In a recent episode of the “Ask Andrew”feature of the CiRCE Institute’s podcast, Andrew Kern addressed a question from a reader that asked, in summary, why the magic in Lewis’ and Tolkien’s works was permissible and not occultic. In other words, books like The Chronicles of Narnia and Lord of the Rings feature wizards, witches, elves, and a vast array of other mythical creatures who employ magic as part of the narrative. How is the magic employed in these stories different from the magic that is forbidden in Deuteronomy 18:10 or Leviticus 19:26? Is reading Tolkien and Lewis encouraging one to dabble in the occult?
I think it’s a fair question, and one I have heard time and again from my own circle of friends, particularly when I have shared my deep love for Narnia, Middle Earth and even Hogwarts. As a Christian who believes in the inerrancy of the Bible, I wrestled to articulate what seemed to me to be an obvious difference between the magic of fairy tales and the magic of witchcraft, even when the character in the fairy tale was a witch.
In the past, I have made the same argument that John Granger makes (which, I am almost certain that he borrowed from C.S. Lewis, but I was unable to track down Lewis’ essay prior to publication of this post): that there is a profound difference between incantational magic and invocational magic. The first is the kind of magic employed in literature that can still be deemed wholesome; the latter is the type of magic biblically forbidden and is not present in Lewis, Tolkien, or even Rowling.
I have also made the argument that the magic described in fairy tales and other wholesome literature like Narnia and Harry Potter is the type of magic that is fanciful and outside of the realm of reality. Despite my best efforts, I simply cannot hop on a broomstick and make it fly. Or put on a bracelet and become a dragon. The type of magic utilized in fairy tales exists strictly in a world of one’s imagination. Transforming a girl into a cat with a magic potion (impossible) is a totally different thing than provoking spirits or summoning dark powers (not only possible, but dangerous and explicitly forbidden).
I expected Kern to rattle off these types of standard arguments. And, while he did hint that there are different kinds of magic, he went in a totally different direction than I was anticipating. And although I was initially confused by the approach that he took, I really should not have been at all surprised that he would take us back to the place that he almost always comes home to: Jesus Christ and Homer.
He asserts that Jesus Christ is the fulfillment of all things, and that He is reconciling all things to Himself. ALL things. Therefore, we cannot categorically dismiss anything (even magic) as patently evil, but instead exercise judgement, because all things are under subjection to Christ. In other words: In the beginning, God created the world and it was good. He made man and man was a glorious creature, created to be the image of and in relationship with the eternal, transcendent God. He created man to reflect that image and desire that relationship for man’s eternal joy. But then man fell, and he became a fallen, broken human. But he did not ever cease to be human. And all of those human desires, longings, hopes, and God-given abilities were still there, but now corrupted. Instead of seeking God, as we were created to do, humans now seek to find fulfillment in other areas and fail to glorify God as we should. And everything–even literature–reflects both the brokenness of man and the glory of man as he was originally created.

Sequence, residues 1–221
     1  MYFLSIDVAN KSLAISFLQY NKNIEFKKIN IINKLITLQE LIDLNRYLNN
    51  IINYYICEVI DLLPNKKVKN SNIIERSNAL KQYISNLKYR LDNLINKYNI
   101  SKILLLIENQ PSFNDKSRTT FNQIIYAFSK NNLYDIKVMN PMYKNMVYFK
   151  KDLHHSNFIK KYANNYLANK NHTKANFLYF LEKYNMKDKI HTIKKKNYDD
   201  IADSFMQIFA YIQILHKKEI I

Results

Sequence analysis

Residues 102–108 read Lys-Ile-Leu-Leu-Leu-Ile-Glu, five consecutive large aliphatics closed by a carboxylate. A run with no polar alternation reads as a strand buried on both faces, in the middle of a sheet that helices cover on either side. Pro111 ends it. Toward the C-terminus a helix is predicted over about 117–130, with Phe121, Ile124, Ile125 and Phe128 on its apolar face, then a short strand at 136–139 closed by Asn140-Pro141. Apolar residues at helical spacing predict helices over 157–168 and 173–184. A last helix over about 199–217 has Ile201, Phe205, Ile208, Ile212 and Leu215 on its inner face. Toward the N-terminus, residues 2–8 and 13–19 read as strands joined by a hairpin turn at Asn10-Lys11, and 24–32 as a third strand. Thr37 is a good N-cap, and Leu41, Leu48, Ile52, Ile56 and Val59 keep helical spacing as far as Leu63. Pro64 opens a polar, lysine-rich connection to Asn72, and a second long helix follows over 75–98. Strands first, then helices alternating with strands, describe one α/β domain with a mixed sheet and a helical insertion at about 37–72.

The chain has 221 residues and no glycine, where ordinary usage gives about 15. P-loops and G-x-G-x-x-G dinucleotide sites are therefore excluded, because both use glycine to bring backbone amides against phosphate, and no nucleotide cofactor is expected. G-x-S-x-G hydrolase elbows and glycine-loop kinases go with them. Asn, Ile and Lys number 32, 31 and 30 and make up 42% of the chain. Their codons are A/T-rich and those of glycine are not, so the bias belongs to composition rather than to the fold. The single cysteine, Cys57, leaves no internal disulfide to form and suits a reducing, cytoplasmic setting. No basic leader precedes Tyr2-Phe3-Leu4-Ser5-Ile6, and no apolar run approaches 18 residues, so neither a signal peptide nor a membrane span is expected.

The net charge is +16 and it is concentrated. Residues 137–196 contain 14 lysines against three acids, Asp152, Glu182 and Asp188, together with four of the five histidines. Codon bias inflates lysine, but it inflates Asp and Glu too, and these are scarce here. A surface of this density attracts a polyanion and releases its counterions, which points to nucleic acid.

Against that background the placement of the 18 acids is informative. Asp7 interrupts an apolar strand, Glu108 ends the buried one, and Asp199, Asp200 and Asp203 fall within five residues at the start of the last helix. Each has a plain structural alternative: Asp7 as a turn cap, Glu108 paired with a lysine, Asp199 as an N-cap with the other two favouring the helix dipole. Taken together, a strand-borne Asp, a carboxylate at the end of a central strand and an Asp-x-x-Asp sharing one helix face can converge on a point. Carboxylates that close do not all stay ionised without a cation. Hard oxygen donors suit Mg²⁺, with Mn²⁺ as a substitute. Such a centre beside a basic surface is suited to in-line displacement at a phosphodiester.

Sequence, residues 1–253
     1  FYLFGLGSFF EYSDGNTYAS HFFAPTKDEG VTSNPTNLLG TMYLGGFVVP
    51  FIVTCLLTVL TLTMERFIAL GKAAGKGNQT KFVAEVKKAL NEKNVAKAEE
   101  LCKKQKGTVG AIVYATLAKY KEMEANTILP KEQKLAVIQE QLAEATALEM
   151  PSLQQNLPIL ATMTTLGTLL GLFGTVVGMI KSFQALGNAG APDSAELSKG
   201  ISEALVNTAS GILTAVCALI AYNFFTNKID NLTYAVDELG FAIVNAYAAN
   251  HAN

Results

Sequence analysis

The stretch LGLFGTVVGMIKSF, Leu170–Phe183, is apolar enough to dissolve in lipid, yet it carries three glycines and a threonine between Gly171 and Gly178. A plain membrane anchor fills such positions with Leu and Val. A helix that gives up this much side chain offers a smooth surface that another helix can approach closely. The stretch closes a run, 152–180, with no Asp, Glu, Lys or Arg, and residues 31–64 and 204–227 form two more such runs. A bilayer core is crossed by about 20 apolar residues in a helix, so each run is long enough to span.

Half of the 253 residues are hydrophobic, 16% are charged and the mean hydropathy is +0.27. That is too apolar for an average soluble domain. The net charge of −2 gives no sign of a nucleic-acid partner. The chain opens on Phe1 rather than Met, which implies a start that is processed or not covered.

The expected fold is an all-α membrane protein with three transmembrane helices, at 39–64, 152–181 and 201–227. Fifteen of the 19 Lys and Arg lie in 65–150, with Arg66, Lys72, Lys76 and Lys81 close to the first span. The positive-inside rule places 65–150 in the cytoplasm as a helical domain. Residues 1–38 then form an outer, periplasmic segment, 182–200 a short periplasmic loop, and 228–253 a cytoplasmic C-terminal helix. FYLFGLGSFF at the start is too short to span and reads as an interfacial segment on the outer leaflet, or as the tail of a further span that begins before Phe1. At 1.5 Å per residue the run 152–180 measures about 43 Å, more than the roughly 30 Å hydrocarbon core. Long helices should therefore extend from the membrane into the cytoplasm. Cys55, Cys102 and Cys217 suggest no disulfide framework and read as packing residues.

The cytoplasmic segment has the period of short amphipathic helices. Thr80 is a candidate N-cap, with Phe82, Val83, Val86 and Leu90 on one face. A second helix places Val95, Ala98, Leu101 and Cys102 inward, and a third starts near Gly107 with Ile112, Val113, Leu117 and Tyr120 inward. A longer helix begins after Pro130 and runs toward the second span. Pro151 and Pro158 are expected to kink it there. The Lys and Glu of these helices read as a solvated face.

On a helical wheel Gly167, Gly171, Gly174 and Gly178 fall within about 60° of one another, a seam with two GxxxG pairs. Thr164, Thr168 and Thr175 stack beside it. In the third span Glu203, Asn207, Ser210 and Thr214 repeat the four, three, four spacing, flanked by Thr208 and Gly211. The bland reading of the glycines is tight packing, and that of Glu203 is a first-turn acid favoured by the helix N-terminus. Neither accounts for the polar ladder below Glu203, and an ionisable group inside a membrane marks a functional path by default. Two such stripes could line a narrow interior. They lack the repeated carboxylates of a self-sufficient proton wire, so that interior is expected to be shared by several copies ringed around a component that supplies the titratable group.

One of the areas where both man’s brokenness and his God-given humanity are best revealed, according to Kern, is in Greek mythology. The Iliad, for example, is a story of man seeking honor. But instead of seeking the honor that we were created to seek–the “well done” from Christ and the seat at the table in the Kingdom of God–Achilles is seeking for eternal honor and glory to be bestowed on him by man. So when we read The Iliad, our souls recognize Achilles’ craving for an honor that cannot be lost, because we have that God-given ache too. But we, a 21st century reader, are fortunate to possess something that eluded Achilles: the Gospel. We know that Christ has come to reconcile us to Himself through his death, burial, and resurrection. We have the promise of eternal life and restoration of the fellowship with God that He originally created us to enjoy. So although pagan literature does contain moral elements that a Christian would find objectionable, we know that the stories are not (in Kern’s words) “doctrines of demons.” As Kern says,